Ang Lee has said that Taiwan's movies have a small atmosphere, that they lack depth. What are Teacher's thoughts on Wang Kar-Wei's The Grandmaster?

Grandmaster of a Generation

Wang Kar-Wei's The Grandmaster is a wonderful example of a movie that has a huge atmosphere. It stands out and scores highly it in its style, its form, interpretation of the subject matter, and even in the actors and actresses' interpretation of their roles. It may seem controversial that Tony Leung's performance of Yip Man only has a quarter of screen time to Zhang Ziyi's Gong Er, but his performance as the hero and achievement of capturing the quintessence of his character's arc is unseen in any other Kung Fu or Hero movie ever before. From the moment he comes on screen he is a master, and every subtle move he makes fits perfectly into the character of The Grandmaster, Yip Man.

Tracing the River's Source

It took Wang Kar-Wei roughly sixteen years of preparation to make this movie. It began when Wang had finished shooting Days of Being Wild in South America. While at a train station, he came across a magazine article that had a picture of Bruce Lee in it, he wondered what Bruce Lee's face was doing all the way out there, and thought of making a movie about Bruce Lee. However, Bruce Lee's story had already been made into a number of movies, and it would be very difficult to have something new to say. Then Wang saw a video of Bruce Lee's old master Yip Man, filmed by Yip Man's son, Yip Chun, whom following his father's instruction, filmed and documented Yip Man three days prior to his passing. In the footage Yip Man wears his pajamas, is in his living room, and practicing on his wooden dummy. Perhaps Yip Man was ill, and since he was of old age by this time, all one hundred and eight moves of the form were done in fragments. The back story to this footage touched Wang, he was compelled to understand the motivation behind this man; Why did he do this?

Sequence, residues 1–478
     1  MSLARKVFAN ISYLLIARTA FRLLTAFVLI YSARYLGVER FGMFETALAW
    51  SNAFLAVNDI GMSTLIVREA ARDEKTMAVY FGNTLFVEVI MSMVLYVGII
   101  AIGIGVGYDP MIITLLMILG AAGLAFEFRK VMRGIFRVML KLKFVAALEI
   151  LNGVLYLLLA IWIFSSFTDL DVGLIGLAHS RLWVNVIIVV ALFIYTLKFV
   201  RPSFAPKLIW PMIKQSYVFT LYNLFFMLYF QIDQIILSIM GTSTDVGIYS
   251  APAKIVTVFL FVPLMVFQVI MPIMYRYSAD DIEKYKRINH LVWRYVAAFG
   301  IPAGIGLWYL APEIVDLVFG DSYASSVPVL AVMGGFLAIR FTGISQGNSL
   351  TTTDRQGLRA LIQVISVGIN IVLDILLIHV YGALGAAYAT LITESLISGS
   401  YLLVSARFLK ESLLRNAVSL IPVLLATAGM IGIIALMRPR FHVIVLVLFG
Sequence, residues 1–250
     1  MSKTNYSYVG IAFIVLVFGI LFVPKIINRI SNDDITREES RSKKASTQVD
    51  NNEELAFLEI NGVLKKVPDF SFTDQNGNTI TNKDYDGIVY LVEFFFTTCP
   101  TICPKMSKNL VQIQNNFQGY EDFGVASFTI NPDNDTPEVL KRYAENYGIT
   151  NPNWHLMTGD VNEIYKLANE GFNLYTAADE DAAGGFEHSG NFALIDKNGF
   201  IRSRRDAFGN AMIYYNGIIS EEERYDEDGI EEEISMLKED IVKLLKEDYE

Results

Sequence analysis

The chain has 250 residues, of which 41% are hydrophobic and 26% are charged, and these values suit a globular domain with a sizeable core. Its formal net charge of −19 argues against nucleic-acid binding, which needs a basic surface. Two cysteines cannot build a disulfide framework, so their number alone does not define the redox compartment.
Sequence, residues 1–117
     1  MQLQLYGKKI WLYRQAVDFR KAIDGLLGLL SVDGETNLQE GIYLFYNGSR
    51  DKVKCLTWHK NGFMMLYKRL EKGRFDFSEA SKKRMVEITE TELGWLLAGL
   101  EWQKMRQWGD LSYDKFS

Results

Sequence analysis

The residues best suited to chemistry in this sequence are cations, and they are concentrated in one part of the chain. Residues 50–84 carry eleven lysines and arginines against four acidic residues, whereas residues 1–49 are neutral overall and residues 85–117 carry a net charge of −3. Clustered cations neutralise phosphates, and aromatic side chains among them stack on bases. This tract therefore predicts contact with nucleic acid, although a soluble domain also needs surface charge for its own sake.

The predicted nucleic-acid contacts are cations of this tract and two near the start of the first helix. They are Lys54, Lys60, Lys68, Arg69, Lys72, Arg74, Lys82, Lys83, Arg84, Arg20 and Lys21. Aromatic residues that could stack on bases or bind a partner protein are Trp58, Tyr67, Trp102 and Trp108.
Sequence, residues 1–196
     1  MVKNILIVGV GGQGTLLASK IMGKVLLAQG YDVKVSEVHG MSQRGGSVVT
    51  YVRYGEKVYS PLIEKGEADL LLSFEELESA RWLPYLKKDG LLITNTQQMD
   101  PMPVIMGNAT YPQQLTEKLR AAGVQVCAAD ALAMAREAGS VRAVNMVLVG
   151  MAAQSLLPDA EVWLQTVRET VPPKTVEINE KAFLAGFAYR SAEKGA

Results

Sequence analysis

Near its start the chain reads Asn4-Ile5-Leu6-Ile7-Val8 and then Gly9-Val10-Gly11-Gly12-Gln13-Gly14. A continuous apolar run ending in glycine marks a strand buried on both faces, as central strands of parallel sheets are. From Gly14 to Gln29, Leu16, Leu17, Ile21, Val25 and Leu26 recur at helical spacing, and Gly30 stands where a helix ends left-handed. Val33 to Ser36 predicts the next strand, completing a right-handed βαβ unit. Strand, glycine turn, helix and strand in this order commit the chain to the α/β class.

The Passing of Legacy